Talks between representative organisations of Finland's municipal employers and unions acting on behalf of the close to half a million employees of local government shut down shortly after they were scheduled to resume on Sunday. Nurse and social worker unions now threaten a strike banning overtime and shift swaps for Tuesday, if a suitable agreement can't be reached.
The negotiating parties have not given up on the process, but no new date for more talks has been announced.
The KT advocacy organisation for local government employers says union demands for compensation for lost holiday bonus pay are unacceptable. KT's labour market director Markku Jalonen says the workers are asking for the equivalent of 300 million euros in compensation over the two years.
No to overtime
Two unions that have been involved in the negotiations plan to call for limited strikes on Tuesday unless the compensation demands are met. The nursing union SuPer and the health and social care worker union Tehy say their workers will refuse overtime and shift swap requests starting at 7 am Tuesday, as part of the industrial action. If the strike goes forward, it is expected to affect approximately 130,000 employees in the municipal sector.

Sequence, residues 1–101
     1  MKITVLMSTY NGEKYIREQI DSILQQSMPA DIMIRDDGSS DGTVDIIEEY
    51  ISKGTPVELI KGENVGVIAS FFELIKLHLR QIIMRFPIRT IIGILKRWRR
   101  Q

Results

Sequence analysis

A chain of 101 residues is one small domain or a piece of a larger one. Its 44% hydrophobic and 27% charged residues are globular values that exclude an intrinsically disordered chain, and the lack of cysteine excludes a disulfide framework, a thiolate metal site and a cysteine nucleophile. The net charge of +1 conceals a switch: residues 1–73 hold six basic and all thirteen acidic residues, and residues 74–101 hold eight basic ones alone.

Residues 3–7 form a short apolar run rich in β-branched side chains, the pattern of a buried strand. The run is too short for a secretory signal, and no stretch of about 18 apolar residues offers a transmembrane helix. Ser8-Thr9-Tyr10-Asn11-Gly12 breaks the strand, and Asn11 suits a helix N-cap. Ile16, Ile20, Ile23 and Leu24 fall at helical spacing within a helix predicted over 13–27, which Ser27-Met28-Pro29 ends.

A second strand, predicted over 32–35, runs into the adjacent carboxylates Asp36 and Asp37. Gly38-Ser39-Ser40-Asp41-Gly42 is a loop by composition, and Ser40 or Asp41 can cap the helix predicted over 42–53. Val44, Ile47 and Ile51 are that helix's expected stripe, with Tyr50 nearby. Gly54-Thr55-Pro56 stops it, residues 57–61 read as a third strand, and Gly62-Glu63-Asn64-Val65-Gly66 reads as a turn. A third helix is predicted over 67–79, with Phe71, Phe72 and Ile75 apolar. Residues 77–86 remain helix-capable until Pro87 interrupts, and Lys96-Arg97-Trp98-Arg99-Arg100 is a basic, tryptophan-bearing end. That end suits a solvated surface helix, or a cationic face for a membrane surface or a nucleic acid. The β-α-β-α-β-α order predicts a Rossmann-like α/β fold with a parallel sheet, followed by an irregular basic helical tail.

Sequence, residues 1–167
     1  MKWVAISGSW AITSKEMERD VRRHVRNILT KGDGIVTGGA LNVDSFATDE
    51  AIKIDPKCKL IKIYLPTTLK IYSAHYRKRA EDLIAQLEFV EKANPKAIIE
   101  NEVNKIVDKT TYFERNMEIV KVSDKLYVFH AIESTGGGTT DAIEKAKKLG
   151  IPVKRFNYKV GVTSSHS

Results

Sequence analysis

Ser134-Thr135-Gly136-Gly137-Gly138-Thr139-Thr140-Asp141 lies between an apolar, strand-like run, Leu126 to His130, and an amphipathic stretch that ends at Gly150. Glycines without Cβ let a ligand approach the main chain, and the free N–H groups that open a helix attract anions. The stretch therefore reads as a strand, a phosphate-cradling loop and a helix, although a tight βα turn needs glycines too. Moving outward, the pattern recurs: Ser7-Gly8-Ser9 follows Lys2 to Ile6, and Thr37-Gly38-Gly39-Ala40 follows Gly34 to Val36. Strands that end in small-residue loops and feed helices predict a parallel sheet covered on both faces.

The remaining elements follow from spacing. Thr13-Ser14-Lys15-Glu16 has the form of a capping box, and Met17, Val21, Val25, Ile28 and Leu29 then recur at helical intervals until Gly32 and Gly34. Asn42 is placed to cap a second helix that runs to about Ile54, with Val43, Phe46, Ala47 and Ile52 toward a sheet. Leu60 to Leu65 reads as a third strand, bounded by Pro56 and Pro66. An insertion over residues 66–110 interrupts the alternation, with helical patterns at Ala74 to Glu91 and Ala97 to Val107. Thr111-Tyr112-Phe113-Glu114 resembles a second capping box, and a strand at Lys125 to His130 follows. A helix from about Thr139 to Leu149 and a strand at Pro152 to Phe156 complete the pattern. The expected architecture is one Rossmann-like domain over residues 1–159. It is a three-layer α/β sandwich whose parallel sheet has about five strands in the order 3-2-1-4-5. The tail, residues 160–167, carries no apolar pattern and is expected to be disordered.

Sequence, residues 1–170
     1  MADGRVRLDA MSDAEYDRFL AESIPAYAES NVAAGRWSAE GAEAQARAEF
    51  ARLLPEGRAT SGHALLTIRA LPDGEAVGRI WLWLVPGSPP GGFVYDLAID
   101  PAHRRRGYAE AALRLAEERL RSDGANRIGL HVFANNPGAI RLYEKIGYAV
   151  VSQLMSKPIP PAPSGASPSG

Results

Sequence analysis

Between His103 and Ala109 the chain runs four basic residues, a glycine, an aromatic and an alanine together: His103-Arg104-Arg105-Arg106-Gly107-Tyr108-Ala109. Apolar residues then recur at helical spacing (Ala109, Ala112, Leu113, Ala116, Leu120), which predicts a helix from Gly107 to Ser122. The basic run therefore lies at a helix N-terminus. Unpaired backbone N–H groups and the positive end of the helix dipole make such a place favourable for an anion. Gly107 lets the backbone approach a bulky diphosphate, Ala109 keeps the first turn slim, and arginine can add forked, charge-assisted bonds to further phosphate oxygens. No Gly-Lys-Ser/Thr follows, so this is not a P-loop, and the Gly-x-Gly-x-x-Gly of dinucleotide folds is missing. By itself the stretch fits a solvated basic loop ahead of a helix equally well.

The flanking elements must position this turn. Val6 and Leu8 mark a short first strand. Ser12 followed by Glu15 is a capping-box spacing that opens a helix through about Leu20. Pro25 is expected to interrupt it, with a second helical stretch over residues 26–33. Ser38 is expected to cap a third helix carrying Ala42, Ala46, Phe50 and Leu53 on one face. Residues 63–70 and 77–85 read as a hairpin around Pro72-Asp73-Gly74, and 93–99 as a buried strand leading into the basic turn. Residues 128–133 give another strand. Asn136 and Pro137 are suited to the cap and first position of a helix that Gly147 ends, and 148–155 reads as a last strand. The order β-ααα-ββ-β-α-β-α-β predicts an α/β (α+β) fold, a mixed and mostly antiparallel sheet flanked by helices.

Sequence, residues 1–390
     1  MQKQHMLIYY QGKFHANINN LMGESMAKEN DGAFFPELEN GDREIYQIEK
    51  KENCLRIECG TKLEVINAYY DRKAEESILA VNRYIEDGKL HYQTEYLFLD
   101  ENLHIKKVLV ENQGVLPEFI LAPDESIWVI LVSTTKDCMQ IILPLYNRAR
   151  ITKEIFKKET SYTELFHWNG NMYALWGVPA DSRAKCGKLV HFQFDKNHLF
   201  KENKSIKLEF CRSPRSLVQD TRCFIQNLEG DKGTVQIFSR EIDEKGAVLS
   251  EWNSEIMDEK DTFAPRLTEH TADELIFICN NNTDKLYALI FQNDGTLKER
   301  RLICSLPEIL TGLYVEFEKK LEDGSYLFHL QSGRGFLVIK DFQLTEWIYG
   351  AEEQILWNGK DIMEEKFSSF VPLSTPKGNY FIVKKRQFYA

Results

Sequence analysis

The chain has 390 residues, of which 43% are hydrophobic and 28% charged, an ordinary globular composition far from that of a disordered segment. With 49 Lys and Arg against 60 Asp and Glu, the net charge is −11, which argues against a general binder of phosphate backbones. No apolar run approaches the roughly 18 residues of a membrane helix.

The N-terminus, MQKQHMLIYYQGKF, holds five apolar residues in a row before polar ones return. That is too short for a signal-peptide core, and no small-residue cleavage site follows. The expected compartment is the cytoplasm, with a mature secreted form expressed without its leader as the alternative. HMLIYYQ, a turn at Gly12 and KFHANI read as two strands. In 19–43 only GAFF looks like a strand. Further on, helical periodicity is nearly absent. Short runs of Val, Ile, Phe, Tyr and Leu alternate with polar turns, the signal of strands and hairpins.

The government's so-called competitiveness pact temporarily cut the holiday bonus of over half a million municipal and state workers between 2017 and 2019. When the deal was finally approved after months of haggling, many public sector workers were angry and confused about why they have been singled out, when the government had given the impression that the idea was to encourage a collective belt-tightening.
Expired agreements could lead to expanded industrial action
Finland's system of holiday bonuses is a unique form of so-called "thirteenth salary". Practices vary and are usually agreed upon in collective agreements. The amount that is awarded depends on salary level and how long a person has worked, but it is normally 50 percent of the total holiday pay that workers have earned that year.
The collective labour agreements between many employers and 1.2 million workers expired on January 31, presenting the risk of expanded labour strikes in many business areas if agreements on work terms and conditions moving forward are not reached. Many unions are arguing for salary increases now that the Finnish economy is improving.